Don Marquis, who died seventy years ago, is probably best known for ARCHY AND MEHITABEL, but he published some thirty-five books, and his daily newspaper columns were widely read. THE REVOLT OF THE OYSTER came out in 1922, a collection of what are best described as Shaggy Dog stories (some of them in fact told from the dog's POV).
This post, though, isn't really about Don Marquis, that's just a loose hook. I first ran across THE REVOLT OF THE OYSTER in my grandmother Ada's summer house on Salters Point, near New Bedford, on Buzzards Bay. Anybody who's ever rented a vacation cottage remembers that they're often furnished with old Agatha Christie paperbacks, say, or Louis L'Amours, or the Hardy Boys, and I remember going down every year to Ada's house, until I was maybe fourteen or fifteen, and every year I'd go straight to the bookshelf and take out the Don Marquis again. I never took it home with me. I always left it there for the next summer, a talisman, or a touchstone, if you will. I associated the book with that particular place, the smell of the ocean, the light on the water, the house itself, with its porches overlooking the seawall, my grandmother's sister, my Aunt Al, sitting in her room by the windows, playing her endless games of solitaire.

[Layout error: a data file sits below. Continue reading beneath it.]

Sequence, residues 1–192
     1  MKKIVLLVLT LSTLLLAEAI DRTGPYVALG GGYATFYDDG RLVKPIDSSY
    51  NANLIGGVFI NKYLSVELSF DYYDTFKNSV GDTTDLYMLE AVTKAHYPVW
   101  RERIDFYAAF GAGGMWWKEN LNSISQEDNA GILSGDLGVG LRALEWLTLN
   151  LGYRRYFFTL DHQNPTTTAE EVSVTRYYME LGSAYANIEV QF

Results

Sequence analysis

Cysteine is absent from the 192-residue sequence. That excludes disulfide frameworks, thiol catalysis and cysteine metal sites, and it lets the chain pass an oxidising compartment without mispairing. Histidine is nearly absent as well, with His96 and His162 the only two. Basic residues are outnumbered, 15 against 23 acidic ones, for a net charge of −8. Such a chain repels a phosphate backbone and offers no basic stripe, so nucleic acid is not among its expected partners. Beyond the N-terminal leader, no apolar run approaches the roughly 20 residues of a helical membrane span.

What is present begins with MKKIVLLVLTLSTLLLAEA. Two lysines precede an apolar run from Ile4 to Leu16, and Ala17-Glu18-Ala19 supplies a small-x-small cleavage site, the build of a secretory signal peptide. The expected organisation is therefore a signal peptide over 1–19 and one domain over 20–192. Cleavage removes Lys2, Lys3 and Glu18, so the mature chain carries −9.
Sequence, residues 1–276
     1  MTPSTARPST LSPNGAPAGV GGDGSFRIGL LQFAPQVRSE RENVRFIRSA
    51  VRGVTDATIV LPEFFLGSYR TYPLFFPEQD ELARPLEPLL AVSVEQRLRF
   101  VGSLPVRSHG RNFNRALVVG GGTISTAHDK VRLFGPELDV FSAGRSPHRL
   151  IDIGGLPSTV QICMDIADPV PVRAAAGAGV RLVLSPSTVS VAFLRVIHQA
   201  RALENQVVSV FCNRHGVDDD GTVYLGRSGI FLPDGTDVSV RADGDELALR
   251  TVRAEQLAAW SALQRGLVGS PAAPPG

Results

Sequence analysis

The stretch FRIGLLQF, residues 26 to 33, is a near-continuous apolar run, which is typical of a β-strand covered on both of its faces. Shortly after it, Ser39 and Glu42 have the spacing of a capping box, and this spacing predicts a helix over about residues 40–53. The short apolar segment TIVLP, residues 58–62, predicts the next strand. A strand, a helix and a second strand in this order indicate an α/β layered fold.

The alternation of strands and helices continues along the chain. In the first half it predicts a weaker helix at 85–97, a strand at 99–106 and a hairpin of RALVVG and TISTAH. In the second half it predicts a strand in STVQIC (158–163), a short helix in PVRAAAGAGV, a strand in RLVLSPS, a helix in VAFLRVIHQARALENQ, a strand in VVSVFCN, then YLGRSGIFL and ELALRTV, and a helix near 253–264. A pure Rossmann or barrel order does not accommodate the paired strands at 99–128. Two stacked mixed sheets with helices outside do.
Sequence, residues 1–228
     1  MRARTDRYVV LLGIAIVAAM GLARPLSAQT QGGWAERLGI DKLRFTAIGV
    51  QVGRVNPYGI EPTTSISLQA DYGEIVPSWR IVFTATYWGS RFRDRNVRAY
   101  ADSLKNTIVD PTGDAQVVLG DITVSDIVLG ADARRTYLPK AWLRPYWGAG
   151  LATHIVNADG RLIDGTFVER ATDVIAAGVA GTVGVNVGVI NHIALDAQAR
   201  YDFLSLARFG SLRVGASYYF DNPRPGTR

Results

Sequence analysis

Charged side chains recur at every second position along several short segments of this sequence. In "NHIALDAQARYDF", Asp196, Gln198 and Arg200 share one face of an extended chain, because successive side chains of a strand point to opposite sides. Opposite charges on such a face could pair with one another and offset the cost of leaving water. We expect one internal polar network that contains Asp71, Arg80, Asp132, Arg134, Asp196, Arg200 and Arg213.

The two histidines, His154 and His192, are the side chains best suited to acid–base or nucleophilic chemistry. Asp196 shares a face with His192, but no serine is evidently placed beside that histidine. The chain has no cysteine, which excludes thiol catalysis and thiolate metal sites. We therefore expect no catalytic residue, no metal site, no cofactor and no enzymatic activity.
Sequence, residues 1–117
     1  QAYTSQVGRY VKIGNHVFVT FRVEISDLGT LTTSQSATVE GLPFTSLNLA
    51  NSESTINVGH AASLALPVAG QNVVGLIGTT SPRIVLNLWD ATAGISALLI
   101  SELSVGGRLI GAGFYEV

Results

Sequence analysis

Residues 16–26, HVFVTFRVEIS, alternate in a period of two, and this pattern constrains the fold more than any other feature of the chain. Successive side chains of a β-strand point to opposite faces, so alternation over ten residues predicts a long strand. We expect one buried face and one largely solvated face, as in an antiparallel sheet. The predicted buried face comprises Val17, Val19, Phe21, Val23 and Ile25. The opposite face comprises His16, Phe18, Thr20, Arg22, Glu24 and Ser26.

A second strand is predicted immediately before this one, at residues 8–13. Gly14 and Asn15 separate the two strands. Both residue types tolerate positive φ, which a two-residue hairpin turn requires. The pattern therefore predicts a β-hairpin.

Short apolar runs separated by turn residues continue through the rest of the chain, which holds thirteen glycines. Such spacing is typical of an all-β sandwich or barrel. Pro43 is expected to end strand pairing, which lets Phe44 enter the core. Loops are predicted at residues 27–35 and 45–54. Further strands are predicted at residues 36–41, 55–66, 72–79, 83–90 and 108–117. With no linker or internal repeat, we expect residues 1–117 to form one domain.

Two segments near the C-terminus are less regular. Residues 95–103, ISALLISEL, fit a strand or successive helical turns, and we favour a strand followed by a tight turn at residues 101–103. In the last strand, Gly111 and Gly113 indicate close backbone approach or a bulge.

|Hancock Pt. library|
Memory is of course inexact, and it shifts under our
This isn't loss, or regret. It's more a kind of conjuring trick, an act of reimagination. We're never going to be nine years old again, but we can visit, and when I read THE REVOLT OF THE OYSTER, it becomes, for me, a trip to Ada's house by the shore and the world of summers gone, a game of solitaire, shuffling the cards.